The Fly Rod

By Bob Cram

Lawsuit turned beet red. Sputtering he jumped into the seat of the Navigator and slammed the door. Through the open window, he glared at Joe.

Joe pulled the Jeep to the side of the dusty road and we both looked out over the small beaver pond on Keeper Brook.

“It’s right beside the road,” I said.

“Yeah, an’ most folks jist drive right by on their way to good fishin’ water,” Joe replied. He climbed out and reached behind the driver’s seat, where his little 3-weight, 6-foot fly rod was always standing, already strung. Tilted just right, its tip didn’t quite touch the rear curve of the cab roof.

“We need two more trout to make a decent meal,” he continued as I slid from my seat and eyed the dark water behind the dam. “Oughta be a couple in here that jist wanta jump into the fryin’ pan.”

The dam lay just a dozen feet from the upstream side of the bridge. Standing on the bridge, it was a simple matter to drop a fly into the still waters behind the dam. Joe did just that, the number 16 Adams drifting down to touch lightly onto the dark surface.
It was late April, and the ice still hadn’t left the larger lakes in the region. Small, shallow ponds and beaver flowages, however, were ice-free, although patches of snow still lingered along the shorelines and in the deeper woods. Given the cold temperatures and high water, coupled with the easy fishing access to Keeper Brook, I didn’t expect much from Joe’s fishing attempt. But he gave one small twitch to the fly, and it instantly disappeared in a swirl of water. Just beneath the surface, the bright sides of an eight inch trout flashed in a series of pulls and tugs. The slender tip of Joe’s rod flexed and bent. Then he reeled in line, lowering the tip of the rod toward the dam. With a slight flip, he lifted the trout clear of the surface and swung it, squirming, over the low railing of the bridge.

Smoothly, Joe eased the hook from the trout’s lip, broke its neck, and slid it into the old wicker creel by his foot. As he carefully dried the fly for another cast, the sound of an approaching vehicle made us both look up. A shiny black Lincoln Navigator rolled onto the bridge and stopped. Claude Lawsuit stepped down from behind the wheel.

Claude was a medium sized man with a strong jaw, a careful comb-over on his balding pate, and a perpetual smile that never quite seemed to reach his eyes. He was clad in North Face winter gear, with L.L. Bean boots on his feet. A lawyer from Fort Kent, Claude had just recently purchased Edgemont Wimp’s old place next to Joe’s cabin. He was in the process of tearing down Edgemont’s tiny camp to replace it with a large, modern summer home. His construction crew had already built a big, three car garage near the edge of the property. He was always slightly condescending in his attitude to the local populace and I got the impression that he’d really like to have Joe’s land to broaden his waterfront holdings on The Lake Where The Woman Drowned.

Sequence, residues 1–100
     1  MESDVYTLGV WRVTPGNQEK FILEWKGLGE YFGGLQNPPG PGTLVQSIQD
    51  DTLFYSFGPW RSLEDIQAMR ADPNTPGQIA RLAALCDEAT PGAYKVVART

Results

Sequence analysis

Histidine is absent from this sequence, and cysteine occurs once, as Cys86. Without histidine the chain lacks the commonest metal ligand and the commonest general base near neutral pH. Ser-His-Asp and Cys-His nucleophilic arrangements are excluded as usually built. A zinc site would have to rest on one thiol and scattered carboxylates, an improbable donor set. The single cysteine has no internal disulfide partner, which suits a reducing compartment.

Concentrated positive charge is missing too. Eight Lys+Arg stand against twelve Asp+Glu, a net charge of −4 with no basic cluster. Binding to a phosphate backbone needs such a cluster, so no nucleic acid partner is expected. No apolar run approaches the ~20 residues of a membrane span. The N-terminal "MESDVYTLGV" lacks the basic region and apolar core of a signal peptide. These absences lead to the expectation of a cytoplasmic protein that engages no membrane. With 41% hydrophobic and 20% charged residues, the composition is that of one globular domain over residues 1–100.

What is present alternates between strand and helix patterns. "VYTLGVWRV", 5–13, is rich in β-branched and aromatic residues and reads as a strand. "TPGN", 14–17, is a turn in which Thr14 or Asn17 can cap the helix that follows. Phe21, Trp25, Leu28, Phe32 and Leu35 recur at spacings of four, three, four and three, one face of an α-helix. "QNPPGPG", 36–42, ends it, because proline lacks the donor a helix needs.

“Afternoon, boys,” Claude said jovially. “Doing a little early fishing?”

“Yeah, just trying to get a few trout for a meal,” I said. “I thought it was too early, but Joe doesn’t seem to be having much trouble.”

But Claude Lawsuit ignored me completely. His eyes were fastened on the fly rod Joe held. Claude reached out and snatched it from Joe’s hands. He lifted the rod and flipped it carefully back and forth. Joe just had time to release the fly to avoid it hooking into a finger. He frowned slightly at Lawsuit’s rudeness.

But Claude was staring at the rod he held. “I have a large collection of some of the best rods. This is a beautiful, perfectly balanced fly rod. Wherever did you get it?”

“I made it,” Joe replied.

“Made it?” Claude stared.

“Well, I say I made it. I bought the blank. Don’t like how most of them store-bought rods balance or cast. I taped eyes on it an’ kept tryin’ the rod for balance and casting, movin’ the eyes an inch or so til I got ‘er just how I wanted her. Then I wrapped the eyes an’ finished the rod.”

“But the handle and reel seat! They’re all one piece. And what is this exotic wood?”

“It’s cherry. From a burl I cut down on Mooseleuk Stream a few years back.”

“The handle…it’s not round. It’s carved in curves. Why…it almost fits my hand!”
“It’s carved to fit my hand,” Joe said.

“But how did you do that?

“Not that complicated,” Joe said, carefully taking the rod back from Claude’s clutching fingers. “I wrapped some modelin’ clay around the butt. Then I jist gripped it like I was gonna cast the rod and squeezed a little. Left the impression of my grip in the clay. Then I slid the clay off the rod stem an’ stuck it in the freezer fer a few hours. Once it’s frozen, the clay stays stiff for a long time. I set it up on the work bench beside the piece of burl, an’ then carved the wood jist like the clay.”

“Imaginative,” Lawsuit murmured, still staring at the rod. “I must have one just like it. Name your price.”

“Nope” Joe replied.

“What?” Claude scowled. “I’ll give you $500 dollars for a rod like that carved to fit my hand.”


“Seven hundred! And that’s my last offer!”

“I ain’t makin’ you a fly rod, Mr. Lawless.”

Claude’s face darkened. “Why not?”

“It’s comin’ on spring. I got guidin’ to do, an’ a whole lot of fishin’. I jist ain’t got the time. An’, besides,” he looked Lawsuit straight in the eye. “I don’t like you.”